Many companies in today’s world are driving organizational growth via the acquisition of businesses and competitors that operate within the same marketplace.  This concept allows for rapid growth and an immediate uptick in current market share of the industry being serviced, as opposed to an often slower organically executed strategy.  While many positives come as a result of the immediate growth realized from acquisitions, many hurdles also exist.  One of those hurdles this blog will address is the process of successfully implementing acquired companies into your organization’s sourcing and contracted supplier programs.   

Identifying Acquired Company’s Supplier Spend & Trends

As soon as the acquisition is closed, it is important to gain an immediate understanding of how spend has been flowing, and to what suppliers within the newly acquired group.  Running an internal report showing high-level General Ledger spend broken down by categories should help easily identify the key suppliers being utilized.  Once this spend is categorized and filtered by highest annual supplier, begin identifying any contracts tied back to these high spend suppliers.  If you are unable to identify the most up-to-date contract internally, reach out to the supplier directly for this information.    

Once the contracts are on hand, review them in-depth to identify any penalties or clauses related to early termination.  Often times contracts have buy-out clauses within them related to early termination, which depending on the total spend identified may be in your best interest once the total cost of ownership is fully realized.   

Also, if this acquired organization happens to use one of your contracted national providers, a simple amendment to your national agreement can be executed in a matter of days to immediately roll the acquired group’s locations into your program with minimal downtime and oversight required.  Always be on the look-out for these quick wins when running through the supplier identification phase of an acquisition.


Once legacy contractual obligations have been sorted through, the next step is to ensure the newly acquired organization understands the proper purchasing programs that should be utilized.  Depending on the size and complexity of your purchasing programs, the roadmap that often leads to success is through hosting program introductions and training sessions.  These trainings often include the distribution of buying guides, a demonstration of online purchasing portals, and Q&A portions at the conclusion with each supplier’s national account manager to talk through any specific questions.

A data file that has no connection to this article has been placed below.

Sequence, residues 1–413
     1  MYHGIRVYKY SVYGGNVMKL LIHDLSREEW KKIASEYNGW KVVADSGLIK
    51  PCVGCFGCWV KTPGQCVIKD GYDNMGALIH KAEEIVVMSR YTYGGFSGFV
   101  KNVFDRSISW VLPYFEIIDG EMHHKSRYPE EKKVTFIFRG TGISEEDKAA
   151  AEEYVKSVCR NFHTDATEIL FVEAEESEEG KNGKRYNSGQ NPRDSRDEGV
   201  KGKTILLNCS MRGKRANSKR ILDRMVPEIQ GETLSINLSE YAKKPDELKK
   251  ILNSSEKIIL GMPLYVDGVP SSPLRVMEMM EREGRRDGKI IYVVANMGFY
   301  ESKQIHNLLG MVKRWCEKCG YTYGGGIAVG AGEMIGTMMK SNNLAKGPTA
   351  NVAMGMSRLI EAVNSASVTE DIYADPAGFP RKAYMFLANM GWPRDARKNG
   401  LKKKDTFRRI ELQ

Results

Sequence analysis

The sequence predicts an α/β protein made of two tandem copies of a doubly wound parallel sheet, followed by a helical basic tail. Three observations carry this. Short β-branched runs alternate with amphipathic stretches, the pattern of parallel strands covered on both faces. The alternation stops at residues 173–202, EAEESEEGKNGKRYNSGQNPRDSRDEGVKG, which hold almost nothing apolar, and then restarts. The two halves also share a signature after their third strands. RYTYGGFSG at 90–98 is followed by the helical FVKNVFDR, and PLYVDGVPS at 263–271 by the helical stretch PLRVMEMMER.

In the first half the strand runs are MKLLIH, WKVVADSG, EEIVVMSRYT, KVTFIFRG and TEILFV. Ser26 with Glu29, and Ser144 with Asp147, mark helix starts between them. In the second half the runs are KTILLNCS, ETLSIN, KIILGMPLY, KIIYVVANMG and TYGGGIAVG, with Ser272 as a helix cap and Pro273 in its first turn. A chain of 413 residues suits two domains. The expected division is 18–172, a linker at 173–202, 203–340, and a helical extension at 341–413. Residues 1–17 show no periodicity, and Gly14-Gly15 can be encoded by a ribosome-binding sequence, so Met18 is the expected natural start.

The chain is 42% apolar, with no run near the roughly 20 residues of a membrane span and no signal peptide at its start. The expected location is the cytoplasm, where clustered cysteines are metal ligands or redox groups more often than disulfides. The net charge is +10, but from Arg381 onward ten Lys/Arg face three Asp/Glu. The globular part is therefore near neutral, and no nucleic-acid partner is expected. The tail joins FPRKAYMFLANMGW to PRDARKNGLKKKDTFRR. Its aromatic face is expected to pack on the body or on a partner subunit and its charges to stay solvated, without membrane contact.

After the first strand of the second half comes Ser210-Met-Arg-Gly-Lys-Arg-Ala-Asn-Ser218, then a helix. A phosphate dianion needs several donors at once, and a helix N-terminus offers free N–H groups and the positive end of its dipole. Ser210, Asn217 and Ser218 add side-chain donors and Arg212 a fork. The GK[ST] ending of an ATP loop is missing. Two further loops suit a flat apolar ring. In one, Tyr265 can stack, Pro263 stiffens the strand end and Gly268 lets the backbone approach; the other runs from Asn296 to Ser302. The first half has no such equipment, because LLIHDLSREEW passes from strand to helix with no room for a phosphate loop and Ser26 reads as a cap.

Monitoring Progress & Compliance

The compliance tracking portion of major implementations is a critical piece of the process that is often times understated by many organizations.  Establishing effective processes to help monitor implementation and buy-in at the local level will enable your organization to easily pivot towards corrective action to ensure long-term success and buy-in.  This crucial step will immediately help identify and eliminate bad habits at the local level as soon as possible.

This part of the process is where you can begin to lean on the effort and accountability of your contracted supplier’s national account manager.  The account manager may even have personal incentives tied back to sales performance volumes with your organization, use this to your advantage and begin establishing a weekly or bi-weekly cadence early on to track the program’s progress and purchasing levels.  Creating a document such as a “compliance tracker” that the account manager oversees will help monitor each location’s actual vs forecasted spend.  During these meetings if any locations are trending in the wrong direction, a combined communication effort from your organization as well as the national account manager should help establish strong messaging to the local level regarding the importance of this program.  

If these steps shared above are executed in a consistent manner throughout the acquisition process, the groundwork for a long-term successful purchasing program will be established.

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Ryan Ganley

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